CFM vs. SCFM (source: Wikipedia)
CFM is an often confusing term because it has no single definition that applies to all instances. In the most basic sense, CFM means cubic feet per minute. Sounds simple enough right? Unfortunately, air is a compressible gas. To further confuse the issue, a centrifugal fan is a constant CFM device or a constant volume device. This means that, provided the fan speed remains constant, a centrifugal fan will pump a constant volume of air. This is not the same as pumping a constant mass of air. Again, the fan will pump the same volume, though not mass, at any other air density. This means that the air velocity in a system is the same even though mass flow rate through the fan is not.
Standard Cubic Feet per Minute (SCFM) is a volumetric flow rate corrected to standard conditions of gas density, thus representing a precise mass flowrate. SCFM is volumetric flowrate at a “standardized” pressure, temperature, and relative humidity. However great care must be taken, as the "standard" conditions vary between definitions, and should therefore always be checked. The “standard” conditions are usually defined as 1 atmosphere (101325 pascals, 1.01325 bar, 14.7 psia) atmospheric pressure, some temperature (e.g., 68°F) depending on the "standard" used, and some relative humidity (e.g., 36%, 0%) depending on the "standard" used.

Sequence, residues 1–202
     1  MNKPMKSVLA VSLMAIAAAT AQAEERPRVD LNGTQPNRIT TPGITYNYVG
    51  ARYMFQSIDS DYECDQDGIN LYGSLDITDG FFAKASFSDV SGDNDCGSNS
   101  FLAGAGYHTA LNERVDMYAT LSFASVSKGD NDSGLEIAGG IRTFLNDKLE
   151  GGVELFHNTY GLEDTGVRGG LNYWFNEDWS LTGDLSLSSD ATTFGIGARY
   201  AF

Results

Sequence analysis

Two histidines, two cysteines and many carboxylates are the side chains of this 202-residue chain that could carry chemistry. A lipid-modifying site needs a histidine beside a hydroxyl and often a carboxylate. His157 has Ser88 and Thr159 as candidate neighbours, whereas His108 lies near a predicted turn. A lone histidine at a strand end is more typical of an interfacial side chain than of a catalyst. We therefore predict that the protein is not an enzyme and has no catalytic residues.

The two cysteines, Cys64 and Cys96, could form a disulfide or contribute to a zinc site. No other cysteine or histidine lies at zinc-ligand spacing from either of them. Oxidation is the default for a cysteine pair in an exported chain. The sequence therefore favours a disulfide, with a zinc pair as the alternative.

The temperature variation is the most important. In Europe, SCFM is normally defined as "Standard Temperature and Pressure" (STP), which is 0°C, 32°F. In the USA, however, ambient conditions are used as a basis, and different groups use 60°F, 68°F (20°C), 70°F and 77°F (25°C). SCFM defined in this way can be nearly 10% greater than the European values. For example, a mass flow of 1000 kg/hr is 455 SCFM defined at 0°C, 32°F but 489 SCFM defined at 68°F, 20°C, which is the most common US basis.